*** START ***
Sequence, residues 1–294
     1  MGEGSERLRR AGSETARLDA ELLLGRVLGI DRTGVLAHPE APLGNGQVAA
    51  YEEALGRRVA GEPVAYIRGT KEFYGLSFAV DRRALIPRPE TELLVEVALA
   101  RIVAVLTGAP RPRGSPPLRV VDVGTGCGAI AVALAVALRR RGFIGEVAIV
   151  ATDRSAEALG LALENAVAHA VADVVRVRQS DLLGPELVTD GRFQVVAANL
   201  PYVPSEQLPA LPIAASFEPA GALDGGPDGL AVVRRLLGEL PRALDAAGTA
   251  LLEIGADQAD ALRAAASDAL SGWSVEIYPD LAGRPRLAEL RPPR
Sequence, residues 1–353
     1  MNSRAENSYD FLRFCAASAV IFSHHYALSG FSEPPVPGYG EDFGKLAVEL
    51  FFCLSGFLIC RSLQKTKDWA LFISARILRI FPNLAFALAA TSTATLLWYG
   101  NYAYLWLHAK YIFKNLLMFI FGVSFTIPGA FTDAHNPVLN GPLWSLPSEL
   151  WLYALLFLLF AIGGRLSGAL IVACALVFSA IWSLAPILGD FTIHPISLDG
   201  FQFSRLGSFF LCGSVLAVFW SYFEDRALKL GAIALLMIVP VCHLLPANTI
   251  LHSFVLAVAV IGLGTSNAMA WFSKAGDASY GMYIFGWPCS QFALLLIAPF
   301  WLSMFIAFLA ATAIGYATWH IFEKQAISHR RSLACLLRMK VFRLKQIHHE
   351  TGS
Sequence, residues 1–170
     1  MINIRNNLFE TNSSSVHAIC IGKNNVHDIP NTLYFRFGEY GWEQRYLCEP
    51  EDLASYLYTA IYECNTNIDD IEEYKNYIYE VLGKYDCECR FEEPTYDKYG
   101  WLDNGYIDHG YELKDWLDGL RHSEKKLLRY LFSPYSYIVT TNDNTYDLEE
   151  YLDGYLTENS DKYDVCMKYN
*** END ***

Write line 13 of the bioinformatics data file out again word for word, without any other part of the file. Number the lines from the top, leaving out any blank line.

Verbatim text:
   201  FQFSRLGSFF LCGSVLAVFW SYFEDRALKL GAIALLMIVP VCHLLPANTI